Volcanoes, Revolutions and Wars Seem To Go Together
In 1783, another Icelandic volcano, Laki, erupted and kept spitting out ash and 120 tons of sulfur dioxide (equal to 3 times the annual industrial output of Europe) and 8 million tons of hydrogen fluoride. 25% of the population of Iceland died, either from famine or from the flouride. In North America in 1784 they were skating in Charleston and the Mississippi River froze. In New Orleans.
But in Europe, it brought droughts, poverty, lost crops and disruption that led to massive starvation and is believed to be, according to the Guardian, a major factor in the buildup to the French Revolution.
In 1815 Mount Tambora, in what is now Indonesia, erupted in what is considered the largest in 1600 years. 1816 became known as the Year Without Summer (see the Discovery Channel here). Two hundred million tons of sulphur dioxide were released and a 100 cubic kilometers of rock shot into the sky.
Crops failed across North America and Europe; starving Germans baked a mixture of straw and sawdust and called it bread. 24 people died in Winnipeg in the Battle of Seven Oaks over the distribution of pemmican. The Farmers' Almanac writes:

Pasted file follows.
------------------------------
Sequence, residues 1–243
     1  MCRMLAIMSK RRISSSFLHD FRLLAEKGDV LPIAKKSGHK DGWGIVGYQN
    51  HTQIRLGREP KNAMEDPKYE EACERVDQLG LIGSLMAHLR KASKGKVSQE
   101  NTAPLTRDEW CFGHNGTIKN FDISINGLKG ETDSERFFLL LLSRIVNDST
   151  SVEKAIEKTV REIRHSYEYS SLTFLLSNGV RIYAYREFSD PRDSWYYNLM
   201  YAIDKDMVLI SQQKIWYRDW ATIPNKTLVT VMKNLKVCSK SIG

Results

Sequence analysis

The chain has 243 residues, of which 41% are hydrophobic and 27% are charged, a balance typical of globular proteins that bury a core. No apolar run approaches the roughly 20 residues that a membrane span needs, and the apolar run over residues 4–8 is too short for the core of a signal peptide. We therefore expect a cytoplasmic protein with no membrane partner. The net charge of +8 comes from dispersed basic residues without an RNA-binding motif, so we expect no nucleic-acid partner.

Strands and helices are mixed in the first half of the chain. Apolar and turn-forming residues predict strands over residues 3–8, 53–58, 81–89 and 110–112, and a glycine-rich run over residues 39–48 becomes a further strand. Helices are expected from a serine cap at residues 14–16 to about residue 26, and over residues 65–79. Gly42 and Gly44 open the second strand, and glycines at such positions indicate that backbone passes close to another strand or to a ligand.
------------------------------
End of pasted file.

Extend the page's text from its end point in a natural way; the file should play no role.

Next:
Throughout not only North America, but also Northern Europe and parts of Asia, an exceptionally cold summer, featuring killing frosts in July and August, crippled food production. Crop failures and food shortages were so widespread that rioting and looting became common in the United Kingdom and France.
On this side of the Atlantic, many residents of New England and the Canadian Maritimes froze to death, starved, or suffered from severe malnutrition as storms-bringing a foot or more of snow- hit hard during May and June. Many others from the region pulled up their stakes and moved to Western New York and the Midwest, where the cold was less severe. In fact, the year without a summer is now believed to have been one major catalyst in the westward expansion of the United States.
But JMW Turner got to paint some beautiful sunsets
The year without summer also inspired writers: Did Climate Change Inspire Mary Shelley's Frankenstein?